The doctrine of unjust enrichment allows a plaintiff to recover from a defendant, without the benefit of an enforceable contractual obligation, where the defendant has unfairly benefited from the plaintiff’s efforts without compensation. In New York, the elements of an unjust enrichment claim are “that (1) the other party was enriched, (2) at that party’s expense, and (3) that it is against equity and good conscience to permit the other party to retain what is sought to be recovered.” Mandarin Trading Ltd. v. Wildenstein, 16 N.Y. 3d 173, 182 (2011).
As the viability of an unjust enrichment claim depends on broad considerations of equity and justice, several factors can drive the determination of whether these elements are adequately pleaded or later proven. For one, a close relationship between the plaintiff and defendant is required. In addition, the plaintiff’s actions must have been induced in reliance on that relationship. Finally, essential to the claim is the absence of a valid contractual relationship governing the acts giving rise to the claim. We examine recent commercial division decisions addressing the application of these factors.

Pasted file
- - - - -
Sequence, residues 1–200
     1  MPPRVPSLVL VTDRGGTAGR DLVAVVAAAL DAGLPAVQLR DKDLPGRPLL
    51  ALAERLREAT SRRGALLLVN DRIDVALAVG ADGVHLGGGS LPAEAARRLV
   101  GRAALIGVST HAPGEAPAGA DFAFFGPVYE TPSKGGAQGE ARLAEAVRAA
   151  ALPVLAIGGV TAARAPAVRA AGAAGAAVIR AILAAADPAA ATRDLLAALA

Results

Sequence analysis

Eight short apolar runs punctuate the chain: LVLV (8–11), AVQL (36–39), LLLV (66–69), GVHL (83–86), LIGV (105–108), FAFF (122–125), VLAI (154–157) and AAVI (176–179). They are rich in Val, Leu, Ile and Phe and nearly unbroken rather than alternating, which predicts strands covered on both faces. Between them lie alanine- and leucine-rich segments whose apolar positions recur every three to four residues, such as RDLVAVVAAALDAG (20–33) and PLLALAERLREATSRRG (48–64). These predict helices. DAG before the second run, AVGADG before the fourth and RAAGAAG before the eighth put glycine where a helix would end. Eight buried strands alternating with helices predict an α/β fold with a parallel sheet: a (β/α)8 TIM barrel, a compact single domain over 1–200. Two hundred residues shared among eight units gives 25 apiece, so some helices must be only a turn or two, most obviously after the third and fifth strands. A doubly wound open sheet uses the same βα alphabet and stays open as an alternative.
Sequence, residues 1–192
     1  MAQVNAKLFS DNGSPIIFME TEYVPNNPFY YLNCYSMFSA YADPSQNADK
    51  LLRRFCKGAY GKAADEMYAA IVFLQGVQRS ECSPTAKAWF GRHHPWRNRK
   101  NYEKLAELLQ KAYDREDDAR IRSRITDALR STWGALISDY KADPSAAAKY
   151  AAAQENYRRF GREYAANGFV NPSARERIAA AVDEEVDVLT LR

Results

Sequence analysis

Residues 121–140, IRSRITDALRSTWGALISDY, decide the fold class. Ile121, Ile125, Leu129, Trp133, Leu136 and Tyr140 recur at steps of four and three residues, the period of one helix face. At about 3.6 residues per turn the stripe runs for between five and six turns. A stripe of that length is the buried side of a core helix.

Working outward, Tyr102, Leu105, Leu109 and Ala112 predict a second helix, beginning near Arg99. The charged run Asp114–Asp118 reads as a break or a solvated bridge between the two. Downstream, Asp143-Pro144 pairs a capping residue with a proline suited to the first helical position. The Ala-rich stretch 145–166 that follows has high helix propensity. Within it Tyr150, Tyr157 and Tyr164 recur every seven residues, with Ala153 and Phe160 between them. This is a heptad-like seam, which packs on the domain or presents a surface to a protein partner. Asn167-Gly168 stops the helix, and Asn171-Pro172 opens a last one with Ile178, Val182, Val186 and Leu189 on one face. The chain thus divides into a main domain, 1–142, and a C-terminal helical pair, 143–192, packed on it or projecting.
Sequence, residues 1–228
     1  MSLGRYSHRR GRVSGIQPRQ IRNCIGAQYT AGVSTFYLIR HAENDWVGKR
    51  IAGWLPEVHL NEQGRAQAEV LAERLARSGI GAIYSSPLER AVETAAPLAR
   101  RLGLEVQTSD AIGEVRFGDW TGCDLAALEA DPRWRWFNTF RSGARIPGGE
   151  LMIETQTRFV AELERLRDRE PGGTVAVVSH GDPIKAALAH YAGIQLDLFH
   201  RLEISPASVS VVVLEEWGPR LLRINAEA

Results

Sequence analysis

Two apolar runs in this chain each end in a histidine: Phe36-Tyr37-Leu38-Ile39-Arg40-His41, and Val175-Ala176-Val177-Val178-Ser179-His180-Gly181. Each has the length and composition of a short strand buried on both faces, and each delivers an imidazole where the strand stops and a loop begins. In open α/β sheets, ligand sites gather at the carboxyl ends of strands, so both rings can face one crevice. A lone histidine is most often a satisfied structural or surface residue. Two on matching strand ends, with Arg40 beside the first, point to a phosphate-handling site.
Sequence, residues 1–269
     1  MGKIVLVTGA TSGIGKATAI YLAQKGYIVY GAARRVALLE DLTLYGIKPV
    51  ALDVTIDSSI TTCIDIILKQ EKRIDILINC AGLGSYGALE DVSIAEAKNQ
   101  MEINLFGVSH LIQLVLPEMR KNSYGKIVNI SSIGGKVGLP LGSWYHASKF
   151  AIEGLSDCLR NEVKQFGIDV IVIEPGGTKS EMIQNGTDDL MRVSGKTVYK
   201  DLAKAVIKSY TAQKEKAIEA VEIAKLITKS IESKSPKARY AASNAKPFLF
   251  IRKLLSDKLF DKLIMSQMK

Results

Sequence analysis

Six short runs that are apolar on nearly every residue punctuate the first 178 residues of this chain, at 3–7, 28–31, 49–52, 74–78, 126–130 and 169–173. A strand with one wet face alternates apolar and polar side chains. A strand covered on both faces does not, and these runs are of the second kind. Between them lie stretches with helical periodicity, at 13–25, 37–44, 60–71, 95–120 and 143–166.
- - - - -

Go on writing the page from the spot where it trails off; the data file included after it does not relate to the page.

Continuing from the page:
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Special thanks to Kajon Pompey, a law clerk in our New York office, for her assistance in the preparation of this article.
Reprinted with permission from the April 18, 2019 edition of the New York Law Journal.